BTW, i went to the kennels to look at loiu. The cute guy had his leg up in a plaster and was sleeping peacefully. Anybody want to keep him at home...I guarantee you unconditional love by Loiu :-)


Tuesday, July 08, 2008

ResQ - The paws pack

Recently while going to my office, I saw a donkey sitting in the middle of the main road, right across the lane leading to my office. Its not abnormal to see donkeys resting near or on the road, typically separated from their pack or with their pack in the vicinity. But I noticed that he didn't look too well. The traffic flow was heavy and despite people trying to move him (stubborn as they are), he wasn't moving. But I could see that it wasn't a steely resolve to stay put but a lack of energy.
That's when I called the PAWS pack, which is an animal rescue organisation, started and managed by three like minded animal loving girls (Neha, Shruti and Tanya). I got through to Tanya, who gave me basic instructions, guided me to contacting a vet, coordinated my meeting with the vet, so I could go and bring the vet over to the site.
The donkey was diagnosed to be having a high fever. The doc gave him a couple of large shots, we fed him a couple of times and the guy recovered. Before long he disappeared, probably joined some passing tribe. I also learnt that PAWS was already aware of this case (was called by some more people) and was keeping an eye on the donkey via some of its volunteers
After this incident, I was inspired to become a member of this team. The concept is amazing...a central point of coordination, relationships with 20+ leading vets in Pune, a 50+ strong volunteer network to cover the city. The model is to get a call of an injured or needy animal, send the nearest volunteer to get first hand information, report back to HO, while the team organises the protocol to rescue the animal.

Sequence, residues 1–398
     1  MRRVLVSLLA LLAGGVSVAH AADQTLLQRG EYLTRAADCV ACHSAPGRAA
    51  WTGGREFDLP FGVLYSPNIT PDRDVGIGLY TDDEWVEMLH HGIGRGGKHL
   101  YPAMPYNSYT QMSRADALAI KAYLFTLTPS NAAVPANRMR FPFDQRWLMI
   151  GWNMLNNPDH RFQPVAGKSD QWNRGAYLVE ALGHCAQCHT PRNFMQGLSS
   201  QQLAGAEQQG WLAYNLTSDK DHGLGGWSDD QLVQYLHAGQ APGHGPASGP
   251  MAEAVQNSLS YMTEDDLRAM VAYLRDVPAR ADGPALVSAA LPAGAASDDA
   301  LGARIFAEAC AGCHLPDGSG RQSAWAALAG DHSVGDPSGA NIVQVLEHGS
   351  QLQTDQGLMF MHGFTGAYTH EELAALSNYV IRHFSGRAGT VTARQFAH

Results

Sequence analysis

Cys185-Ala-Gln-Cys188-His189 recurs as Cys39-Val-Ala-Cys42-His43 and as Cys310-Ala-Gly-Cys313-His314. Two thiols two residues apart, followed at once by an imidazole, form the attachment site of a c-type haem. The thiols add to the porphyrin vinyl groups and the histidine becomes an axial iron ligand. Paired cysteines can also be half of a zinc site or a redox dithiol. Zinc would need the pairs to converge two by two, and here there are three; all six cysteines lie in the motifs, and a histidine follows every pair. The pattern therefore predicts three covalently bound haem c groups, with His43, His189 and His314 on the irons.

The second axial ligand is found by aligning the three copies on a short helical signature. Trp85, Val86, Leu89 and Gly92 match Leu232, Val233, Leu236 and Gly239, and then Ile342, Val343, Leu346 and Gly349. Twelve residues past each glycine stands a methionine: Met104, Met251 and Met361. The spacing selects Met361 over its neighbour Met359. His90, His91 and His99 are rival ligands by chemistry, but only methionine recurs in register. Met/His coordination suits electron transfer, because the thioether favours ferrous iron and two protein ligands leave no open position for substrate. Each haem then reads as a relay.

While running this setup, they I guess, figured that it would be useful to have the volunteers be able to administer basic first aid to stabilise the animal (thereby increasing the chances of survival) while more help comes its way.
Leading towards this they organised a first aid work shop last Sunday, which I attended. It was extremely useful to learning about the common ailments, common protocols to approaching and muzzling the dogs, and very basic treatment (of course in consultation with the vet network).
How can we help this cause?
1. Become a part of the volunteer network.
2. Participate actively in the rescue or help in the back end operations (organisation)
3. Funds (always welcome). Currently the girls are pursuing related professions (like Tanya is a dog trainer & behaviorist, Neha is studying to be a canine nutritionist) to support the cause financially.
4. Awareness...spread the word and educate the masses to help prevent accidents and treat animals with respect.
5. Support by buying/selling their produce. They are now manufacturing dog snacks to generate revenue

Hats off to the effort of the girls and their core team.